On Monday, the Tisbury School building committee voted to build a new three-story structure and remove the existing building once it’s done.
According to the building committee web site, the decision was made on Monday to build a new school at 40 West William Street. Once that’s built, the old school will be removed.
The original Times story on the project was incorrect.
At the meeting, the vote was split with many school leaders voting for new construction and town leaders voting against the plan.
Still, the building committee is moving forward on June 29 by submitting the plan to the Massachusetts School Building Authority for review and approval.
Exact placement of the school on the site will be decided during the schematic design phase, according to the site.
This vote follows the decision on June 13 to keep the school at its current location. The project, which is projected to cost the town $33 million, is set to be submitted to the Massachusetts School Building Authority (MSBA) grant program on June 29.
The new design will maintain much of the current building’s qualities, but increase the size of the structure. The total size of the new building will be about 52,000 square feet. The main part of the building will be kept along Spring Street, and will be surrounded by about 80,000 square feet of play area. The gym and cafeteria areas will be increased. and the addition is said to include new resource centers for students. Parking and drop-off areas will remain mostly in the same location.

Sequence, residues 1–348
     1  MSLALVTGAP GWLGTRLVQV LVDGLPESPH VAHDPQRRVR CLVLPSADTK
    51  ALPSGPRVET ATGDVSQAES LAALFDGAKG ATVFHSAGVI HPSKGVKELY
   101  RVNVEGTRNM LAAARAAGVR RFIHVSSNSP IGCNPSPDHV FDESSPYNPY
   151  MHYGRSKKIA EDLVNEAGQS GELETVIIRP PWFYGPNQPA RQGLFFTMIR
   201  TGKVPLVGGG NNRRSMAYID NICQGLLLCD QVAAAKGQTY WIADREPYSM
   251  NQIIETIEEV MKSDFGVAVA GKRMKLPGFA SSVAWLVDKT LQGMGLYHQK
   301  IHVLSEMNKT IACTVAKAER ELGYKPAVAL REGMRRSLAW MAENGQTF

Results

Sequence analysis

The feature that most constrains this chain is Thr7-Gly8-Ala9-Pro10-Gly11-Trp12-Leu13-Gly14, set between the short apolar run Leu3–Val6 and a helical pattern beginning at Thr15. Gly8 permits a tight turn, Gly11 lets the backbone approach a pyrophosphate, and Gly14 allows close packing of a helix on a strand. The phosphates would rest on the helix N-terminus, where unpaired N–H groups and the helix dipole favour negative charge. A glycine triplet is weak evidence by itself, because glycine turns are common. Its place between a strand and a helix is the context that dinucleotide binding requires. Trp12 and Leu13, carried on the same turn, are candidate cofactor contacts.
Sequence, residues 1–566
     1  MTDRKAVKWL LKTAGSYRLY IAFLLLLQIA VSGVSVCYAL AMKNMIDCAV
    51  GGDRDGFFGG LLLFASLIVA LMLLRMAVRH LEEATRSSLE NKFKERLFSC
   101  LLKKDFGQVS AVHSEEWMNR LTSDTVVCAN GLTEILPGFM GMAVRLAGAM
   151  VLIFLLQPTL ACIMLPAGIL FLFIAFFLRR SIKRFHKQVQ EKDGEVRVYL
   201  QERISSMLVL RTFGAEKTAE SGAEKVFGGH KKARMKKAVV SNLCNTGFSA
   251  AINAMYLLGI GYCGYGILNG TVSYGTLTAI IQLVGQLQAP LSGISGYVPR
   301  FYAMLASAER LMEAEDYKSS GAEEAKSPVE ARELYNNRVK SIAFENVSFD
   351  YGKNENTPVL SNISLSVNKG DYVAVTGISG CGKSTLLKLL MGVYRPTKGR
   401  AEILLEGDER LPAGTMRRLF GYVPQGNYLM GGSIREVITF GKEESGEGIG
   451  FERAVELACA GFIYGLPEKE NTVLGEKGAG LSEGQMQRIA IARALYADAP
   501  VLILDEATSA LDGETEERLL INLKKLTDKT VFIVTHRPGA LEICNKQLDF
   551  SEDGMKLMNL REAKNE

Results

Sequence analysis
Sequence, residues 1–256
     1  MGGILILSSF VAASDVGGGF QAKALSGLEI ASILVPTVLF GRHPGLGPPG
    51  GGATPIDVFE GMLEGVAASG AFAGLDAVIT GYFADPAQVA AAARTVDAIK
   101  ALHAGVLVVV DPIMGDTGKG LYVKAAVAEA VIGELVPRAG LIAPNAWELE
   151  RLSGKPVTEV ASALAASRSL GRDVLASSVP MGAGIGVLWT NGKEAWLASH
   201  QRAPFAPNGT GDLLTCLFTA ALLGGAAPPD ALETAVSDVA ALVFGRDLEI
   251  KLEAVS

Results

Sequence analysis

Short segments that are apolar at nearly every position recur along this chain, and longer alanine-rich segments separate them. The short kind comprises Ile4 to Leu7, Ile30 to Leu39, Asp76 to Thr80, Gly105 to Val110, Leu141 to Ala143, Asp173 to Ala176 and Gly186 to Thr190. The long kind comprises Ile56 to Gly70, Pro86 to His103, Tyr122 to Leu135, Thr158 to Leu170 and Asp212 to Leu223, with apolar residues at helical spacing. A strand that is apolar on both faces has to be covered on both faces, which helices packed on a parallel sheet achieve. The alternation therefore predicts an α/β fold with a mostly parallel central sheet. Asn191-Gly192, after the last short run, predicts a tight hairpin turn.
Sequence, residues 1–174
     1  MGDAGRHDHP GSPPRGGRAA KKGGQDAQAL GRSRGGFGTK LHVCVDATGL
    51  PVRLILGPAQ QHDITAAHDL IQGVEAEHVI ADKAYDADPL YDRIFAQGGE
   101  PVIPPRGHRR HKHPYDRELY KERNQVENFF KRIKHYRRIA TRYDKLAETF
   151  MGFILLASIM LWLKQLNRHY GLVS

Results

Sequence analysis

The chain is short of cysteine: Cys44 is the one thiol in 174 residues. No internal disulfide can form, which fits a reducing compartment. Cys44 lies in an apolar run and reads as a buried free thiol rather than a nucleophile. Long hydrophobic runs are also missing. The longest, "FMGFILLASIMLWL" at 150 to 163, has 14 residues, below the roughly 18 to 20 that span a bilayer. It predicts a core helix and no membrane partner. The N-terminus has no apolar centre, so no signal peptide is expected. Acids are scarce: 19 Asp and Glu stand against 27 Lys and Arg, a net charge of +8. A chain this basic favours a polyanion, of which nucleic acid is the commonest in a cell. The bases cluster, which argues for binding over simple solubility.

The overall cost of the project is $48.1 million, with MSBA reimbursing nearly 42 percent of the project costs. This cost includes the feasibility study, project management, architect and engineer design costs, construction costs, and furnishings. This price has raised some concerns among town leaders, because Tisbury is currently looking into several other public projects, such as renovations to the senior center and police station, as well as improvements to wastewater and storm drainage, officials said during Monday’s meeting.
There were some suggestions for a four-story school design, with the additional floor either above or below the original structure. However, this design was rejected due to zoning laws, and the fact that it would restrict the collaborative learning goals of the school. The large basement area for classes and student usage was turned down due to its “bunker-like” qualities and limited access to daylight and natural ventilation.
With the plan approved by the building committee, it will now be submitted to the MSBA for approval of both the design and funding. This will be submitted in June, and is expected to receive approval. Once approval of funding and design from the MSBA has been received, the plan will be submitted for approval by the town. If approved, construction will begin and will be expected to finish in the summer of 2021, according to Peter Turowski, the building’s architect. However, if the town does not pass the building plan, the project will lose MSBA funding.
Story has been updated to correct the vote.